Exploring Catherine and Jane Consols in north Wales I had descended to the deep adit by way of a winze, and outbye direction was into deepening water. The thought occured that if I were to push this I could encounter a side passage, so I went for it.

Soon I was into deep ochre rather than just water and reached a T junction where right hand side I could see a chink of daylight. Left hand side was a passage in very deep ochre which I pushed. Now deep in this sense means up to my neck with no ability to use my hands, encountering complete ochre stals blocking my progress I used my head as a battering ram to get through. (Maybe this explains a lot)
Anyway, the destruction was outweighed by workings beyond, these were photographed and appear in the late David Bick's second edition of "Old Copper Mines of Snowdonia"

Dont know whether this adds to the thread or just an interesting tale.
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Offline RobinGriffiths

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Re: Removing speleothems
« Reply #7 on: January 10, 2017, 10:57:42 pm »
Hi Roy. It does of course raise the question as to whether speleothems in natural caverns are more worthy than those in man made cavities. I seem to recall there being a big hoo ha on here a few years ago about speleothems in a railway tunnel. But I believe in that case, the speleothems were derived from actual limestone rather than cement as is normal in tunnels. So that probably ticks some conservation boxes.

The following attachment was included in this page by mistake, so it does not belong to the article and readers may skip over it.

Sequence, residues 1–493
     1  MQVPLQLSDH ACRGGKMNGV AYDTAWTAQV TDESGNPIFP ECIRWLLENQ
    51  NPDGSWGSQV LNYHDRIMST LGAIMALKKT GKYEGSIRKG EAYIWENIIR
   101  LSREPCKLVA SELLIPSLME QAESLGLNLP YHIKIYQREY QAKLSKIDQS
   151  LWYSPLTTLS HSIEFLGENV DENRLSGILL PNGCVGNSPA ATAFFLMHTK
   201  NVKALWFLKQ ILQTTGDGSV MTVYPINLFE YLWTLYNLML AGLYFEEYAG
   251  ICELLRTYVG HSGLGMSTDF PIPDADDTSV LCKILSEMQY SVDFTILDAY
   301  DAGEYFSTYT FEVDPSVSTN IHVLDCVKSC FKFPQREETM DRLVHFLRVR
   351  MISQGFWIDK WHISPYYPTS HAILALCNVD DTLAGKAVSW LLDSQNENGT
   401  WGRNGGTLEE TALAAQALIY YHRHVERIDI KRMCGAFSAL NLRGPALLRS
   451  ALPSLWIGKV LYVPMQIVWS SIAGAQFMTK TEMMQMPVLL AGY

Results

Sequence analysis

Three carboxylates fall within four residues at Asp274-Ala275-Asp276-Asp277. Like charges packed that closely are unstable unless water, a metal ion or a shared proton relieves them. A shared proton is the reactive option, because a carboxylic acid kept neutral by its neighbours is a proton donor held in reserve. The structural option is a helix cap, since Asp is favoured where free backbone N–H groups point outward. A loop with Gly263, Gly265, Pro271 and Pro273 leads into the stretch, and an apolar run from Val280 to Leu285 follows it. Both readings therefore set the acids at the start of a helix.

Robin

Offline Leclused

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Re: Removing speleothems
« Reply #8 on: January 11, 2017, 08:35:24 am »
Humans though have been living in and using caves for millennia and were breaking speleothems for their own purposes a long time ago. Nobody would propose replacing these as now they are 'historical artefacts'.  Just a comment. ;)


Neanderthalers used to make "structures" with speleotherms.

http://www.nature.com/news/neanderthals-built-cave-structures-and-no-one-knows-why-1.19975
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Online paul

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Re: Removing speleothems
« Reply #9 on: January 11, 2017, 12:16:21 pm »